Upgrade or Clean Install?

There’s probably a special place in Hell for even pondering this (Ed: Level 7 of Robot Hell, in fact), but after experimenting with Windows 7’s upgrade install feature, we’re going to seriously discuss it for a moment.

There’s no prior version of Windows we would ever seriously recommend an upgrade install for. Upgrade installs have historically offered very spotty results, in cases leaving systems or applications in malfunctioning states. The best path always has and always will continue to be a complete reinstall, so that old programs and old Windows components don’t interfere with the newest version of Windows.

But with Windows 7, we’re willing to reconsider. When it comes to the transition from Vista to Windows 7, there have been very few significant changes to the underpinnings of Windows. Certainly compared to moving from XP to Vista, there are no major changes in any aspect of the driver stack or the audio stack, nor has security, the bootloader, or any number of other subsystems been overhauled. Jokes about Windows 7 being Vista SP3 aside, the lack of significant architectural changes between the operating systems means that it’s a favorable environment for an upgrade install, one more favorable than for any other consumer version of Windows.


Good idea? Bad Idea?

In our own testing, we have taken two boxes from Vista to 7 using the upgrade install feature; one of these systems even did the Vista->7 RC1->7 RTM shuffle thanks to some INI hacking. Both of these systems have turned out fine, suffering no ill effects compared to any of the systems we have done clean installs on. And while the plural of “anecdote” is not “data”, we’ve seen similar reports elsewhere in places such as our forums that corroborate this.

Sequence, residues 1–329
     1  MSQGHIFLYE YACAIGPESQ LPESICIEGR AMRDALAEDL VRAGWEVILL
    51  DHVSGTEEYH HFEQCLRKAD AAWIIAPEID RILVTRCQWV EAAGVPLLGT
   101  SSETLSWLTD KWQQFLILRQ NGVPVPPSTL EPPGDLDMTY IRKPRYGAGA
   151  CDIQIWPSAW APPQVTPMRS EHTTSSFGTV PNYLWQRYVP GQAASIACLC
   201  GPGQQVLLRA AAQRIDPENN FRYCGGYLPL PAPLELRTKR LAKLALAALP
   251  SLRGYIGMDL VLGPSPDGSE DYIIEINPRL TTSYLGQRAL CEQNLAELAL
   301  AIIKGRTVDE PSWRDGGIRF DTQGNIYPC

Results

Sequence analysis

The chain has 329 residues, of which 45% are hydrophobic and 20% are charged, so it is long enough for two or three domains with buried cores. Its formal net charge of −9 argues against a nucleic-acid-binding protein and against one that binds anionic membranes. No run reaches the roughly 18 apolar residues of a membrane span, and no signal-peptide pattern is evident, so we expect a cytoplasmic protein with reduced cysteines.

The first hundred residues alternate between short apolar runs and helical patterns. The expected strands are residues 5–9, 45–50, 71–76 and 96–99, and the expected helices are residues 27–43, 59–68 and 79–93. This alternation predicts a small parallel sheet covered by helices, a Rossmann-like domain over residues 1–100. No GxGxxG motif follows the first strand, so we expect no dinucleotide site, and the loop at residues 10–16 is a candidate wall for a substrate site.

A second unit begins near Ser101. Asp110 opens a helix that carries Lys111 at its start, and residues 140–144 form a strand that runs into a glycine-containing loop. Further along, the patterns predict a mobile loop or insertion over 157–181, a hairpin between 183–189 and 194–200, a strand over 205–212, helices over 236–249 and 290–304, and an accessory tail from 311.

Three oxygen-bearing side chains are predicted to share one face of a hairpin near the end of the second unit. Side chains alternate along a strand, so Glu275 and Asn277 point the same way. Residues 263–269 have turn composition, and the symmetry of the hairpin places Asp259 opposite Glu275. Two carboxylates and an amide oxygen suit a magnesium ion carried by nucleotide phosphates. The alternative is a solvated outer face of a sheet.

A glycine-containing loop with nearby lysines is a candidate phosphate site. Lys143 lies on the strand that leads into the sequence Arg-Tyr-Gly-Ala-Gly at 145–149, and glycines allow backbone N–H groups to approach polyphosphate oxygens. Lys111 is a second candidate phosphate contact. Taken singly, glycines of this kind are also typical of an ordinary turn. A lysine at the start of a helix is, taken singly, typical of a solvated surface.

To be clear, a clean install is always going to be the safer option. It forgoes any risk of old Windows components contaminating the new install, and hence for anyone that absolutely needs it to go right the first time, it’s still the way to go. But an upgrade install, when it works, is certainly more convenient than restoring a bunch of data and reinstalling every single program. Based on our experience, on a properly functioning machine this is something we would recommend trying so long as you have a good backup and the guts to give it a shot.

There are two things that need to be kept in mind when it comes to doing an upgrade install however. The first is that the Windows 7 Upgrade Advisor contains a list of programs that it will want uninstalled before performing an upgrade. Programs that install system components such as VMWare or iTunes are chief among these, as those components won’t properly survive the upgrade; so some program reinstallation may still be required depending on what software you have. The second thing is that the upgrade process involves scanning, categorizing, and saving a lot of data, which means it can take a while. On one computer this took a hefty 5 hours, and on another lightly-used computer this was barely an hour. The key factor here is how much user data and how many programs are installed – the more stuff you have, the longer it will take. On a heavily used computer, this is something you may want to let run overnight or at some other point where you wouldn’t normally be using your computer.